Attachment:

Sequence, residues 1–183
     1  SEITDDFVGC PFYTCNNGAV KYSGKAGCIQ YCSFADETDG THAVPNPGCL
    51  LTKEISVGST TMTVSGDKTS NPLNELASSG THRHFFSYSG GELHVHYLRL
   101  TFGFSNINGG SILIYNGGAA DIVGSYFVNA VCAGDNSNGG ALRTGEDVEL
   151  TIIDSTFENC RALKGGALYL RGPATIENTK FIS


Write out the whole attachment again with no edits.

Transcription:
Sequence, residues 1–183
     1  SEITDDFVGC PFYTCNNGAV KYSGKAGCIQ YCSFADETDG THAVPNPGCL
    51  LTKEISVGST TMTVSGDKTS NPLNELASSG THRHFFSYSG GELHVHYLRL
   101  TFGFSNINGG SILIYNGGAA DIVGSYFVNA VCAGDNSNGG ALRTGEDVEL
   151  TIIDSTFENC RALKGGALYL RGPATIENTK FIS